6 Nations xP
Using the above measurements of BF Sports Analysis xP, we can identify which teams are scoring more efficiently and from which possessions. But firstly, lets look at the some of the more well known measurements.
Given that Ireland played 60 minutes against a 13 man Italy, their stats on these fronts greatly inflated, In order to account for this advantage, we have included both Irelands attack proficiencies with and without the Italy game to give a more rounded idea of how well their attack is actually firing.
It is no surprise to see France leading and for the most part on these charts.
Scotland interestingly, created the least amount of 22m entries per match so far. Wales’ inefficiency at converting entries and linebreaks to points is another standout point.
Teams who play like England who are reluctant to attack from deep typically have a higher conversion rate from linebreaks. This interestingly contrasts with the aforementioned Japan whom a certain Eddie Jones used to coach.
BF Sports Analysis xP here allows us to see who is efficient at converting possessions in to points. As both stats are worked from points scored as a variable, there is no surprise that there is a linear correlation (R^2 = 0.71). Scotland are the team furthest from a the line of best fit which is where we’ll look first.
Hence, Scotland fit into a team not creating opportunities in this xP model. This fits well with Scotland having the least Opposition 22m Attacking Entries.
One likely factor in this is Scotland’s discipline giving away the most penalties per match with 12.7. 5 of those are occurring in attack per match which is them giving up a turnover and also a loss of normally territory or points.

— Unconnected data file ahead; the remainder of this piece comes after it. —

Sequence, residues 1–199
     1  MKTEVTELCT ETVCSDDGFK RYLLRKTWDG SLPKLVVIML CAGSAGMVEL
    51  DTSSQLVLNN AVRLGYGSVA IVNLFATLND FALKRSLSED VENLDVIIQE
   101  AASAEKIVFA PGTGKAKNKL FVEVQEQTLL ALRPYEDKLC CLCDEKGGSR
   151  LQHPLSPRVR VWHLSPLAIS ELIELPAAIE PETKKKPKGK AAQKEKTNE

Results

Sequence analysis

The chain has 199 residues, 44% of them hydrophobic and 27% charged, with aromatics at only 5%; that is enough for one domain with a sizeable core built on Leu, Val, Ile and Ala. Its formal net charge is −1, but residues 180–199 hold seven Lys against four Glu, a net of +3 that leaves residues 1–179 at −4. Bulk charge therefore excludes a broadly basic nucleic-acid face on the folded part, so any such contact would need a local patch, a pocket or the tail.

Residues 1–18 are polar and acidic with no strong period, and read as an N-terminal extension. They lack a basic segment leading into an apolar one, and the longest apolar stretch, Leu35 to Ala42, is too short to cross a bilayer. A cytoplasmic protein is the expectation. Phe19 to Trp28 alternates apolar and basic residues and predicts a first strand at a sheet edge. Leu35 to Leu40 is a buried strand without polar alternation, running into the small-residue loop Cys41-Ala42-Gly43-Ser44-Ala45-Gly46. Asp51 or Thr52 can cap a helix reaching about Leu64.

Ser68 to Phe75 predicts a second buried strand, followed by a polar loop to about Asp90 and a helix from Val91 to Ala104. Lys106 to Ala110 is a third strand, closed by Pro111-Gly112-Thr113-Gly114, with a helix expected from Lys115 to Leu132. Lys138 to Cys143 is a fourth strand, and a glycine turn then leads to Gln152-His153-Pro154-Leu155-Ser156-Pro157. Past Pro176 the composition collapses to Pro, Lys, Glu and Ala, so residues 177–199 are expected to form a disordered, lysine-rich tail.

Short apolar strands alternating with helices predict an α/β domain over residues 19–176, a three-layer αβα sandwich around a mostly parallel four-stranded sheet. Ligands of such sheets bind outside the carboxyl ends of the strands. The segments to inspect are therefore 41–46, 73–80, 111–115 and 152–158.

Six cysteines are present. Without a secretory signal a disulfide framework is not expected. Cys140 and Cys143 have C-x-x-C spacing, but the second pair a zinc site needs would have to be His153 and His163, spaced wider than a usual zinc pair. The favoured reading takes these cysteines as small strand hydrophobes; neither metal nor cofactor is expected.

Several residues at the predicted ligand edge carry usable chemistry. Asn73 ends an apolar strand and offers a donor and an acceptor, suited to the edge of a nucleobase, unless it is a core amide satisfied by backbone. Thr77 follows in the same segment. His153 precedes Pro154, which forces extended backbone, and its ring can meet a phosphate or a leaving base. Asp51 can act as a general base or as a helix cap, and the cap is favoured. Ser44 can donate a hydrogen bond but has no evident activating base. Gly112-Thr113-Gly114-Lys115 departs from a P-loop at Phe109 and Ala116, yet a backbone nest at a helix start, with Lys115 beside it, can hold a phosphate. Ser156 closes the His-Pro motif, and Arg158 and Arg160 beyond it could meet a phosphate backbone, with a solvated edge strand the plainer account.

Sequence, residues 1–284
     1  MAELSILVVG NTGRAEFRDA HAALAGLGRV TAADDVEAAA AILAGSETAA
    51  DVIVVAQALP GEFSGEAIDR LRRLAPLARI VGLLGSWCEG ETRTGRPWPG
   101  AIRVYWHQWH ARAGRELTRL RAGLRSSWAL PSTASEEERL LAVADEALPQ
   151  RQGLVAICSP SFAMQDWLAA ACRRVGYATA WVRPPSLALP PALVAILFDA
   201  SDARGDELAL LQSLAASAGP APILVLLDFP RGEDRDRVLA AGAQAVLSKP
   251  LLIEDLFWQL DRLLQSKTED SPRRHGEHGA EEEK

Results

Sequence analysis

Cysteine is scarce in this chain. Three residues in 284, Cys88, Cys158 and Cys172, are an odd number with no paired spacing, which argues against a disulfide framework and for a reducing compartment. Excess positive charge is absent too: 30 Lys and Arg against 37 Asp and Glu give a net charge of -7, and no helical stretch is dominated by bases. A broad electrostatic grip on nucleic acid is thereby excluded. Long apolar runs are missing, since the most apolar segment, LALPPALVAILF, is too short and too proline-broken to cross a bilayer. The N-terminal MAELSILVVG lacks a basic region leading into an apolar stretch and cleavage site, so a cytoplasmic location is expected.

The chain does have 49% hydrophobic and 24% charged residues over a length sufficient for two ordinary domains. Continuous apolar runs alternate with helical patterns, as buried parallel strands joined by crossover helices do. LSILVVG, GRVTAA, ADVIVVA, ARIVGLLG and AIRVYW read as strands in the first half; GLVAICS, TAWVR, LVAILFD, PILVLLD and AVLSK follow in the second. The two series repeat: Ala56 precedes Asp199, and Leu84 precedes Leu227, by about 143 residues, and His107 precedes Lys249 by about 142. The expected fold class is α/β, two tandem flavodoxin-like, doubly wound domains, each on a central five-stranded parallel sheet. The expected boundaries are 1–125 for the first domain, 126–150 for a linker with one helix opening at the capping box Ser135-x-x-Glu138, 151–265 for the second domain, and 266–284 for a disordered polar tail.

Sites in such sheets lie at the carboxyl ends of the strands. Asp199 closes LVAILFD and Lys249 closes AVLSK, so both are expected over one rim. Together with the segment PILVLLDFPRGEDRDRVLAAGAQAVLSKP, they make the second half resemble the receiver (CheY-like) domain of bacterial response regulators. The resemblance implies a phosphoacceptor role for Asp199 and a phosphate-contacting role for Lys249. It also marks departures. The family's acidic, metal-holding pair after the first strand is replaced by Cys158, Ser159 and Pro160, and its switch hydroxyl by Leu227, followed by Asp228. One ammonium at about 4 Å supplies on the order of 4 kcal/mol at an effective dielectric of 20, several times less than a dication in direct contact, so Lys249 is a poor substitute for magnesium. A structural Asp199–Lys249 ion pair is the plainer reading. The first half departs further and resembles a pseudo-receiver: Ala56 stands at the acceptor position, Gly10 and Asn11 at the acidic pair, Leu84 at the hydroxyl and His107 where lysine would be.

Scotland are the team most content to play from deep. Only kicking on 48 of their 103 possessions starting in their own half (47%). With them playing from deep, 10 of their 15 attacking penalties have occured on possessions that start in their own half. 2 of those 10 penalties had a linebreak preceding the penalty.
Scotland’s 6 possessions / breakdown turnover or penalty particularly standing out in our database.
On the positive side for the Scots, they have the best lineout in the competition winning 97.7% vs the competition average of 90% this season. This is likely to be a contributor to their positive xP and efficiency in scoring from lineouts which sits at 13.1 points more than an average team would expect to score from lineouts given how many and they’ve had them.
This has put a spot light in Scotland’s inability to progress up the field as a potential cause for concern.
England's Scoring Inefficiency
England, interestingly, are on the opposite side of the fence to Scotland, creating chances by having high value possessions but not turning it into points.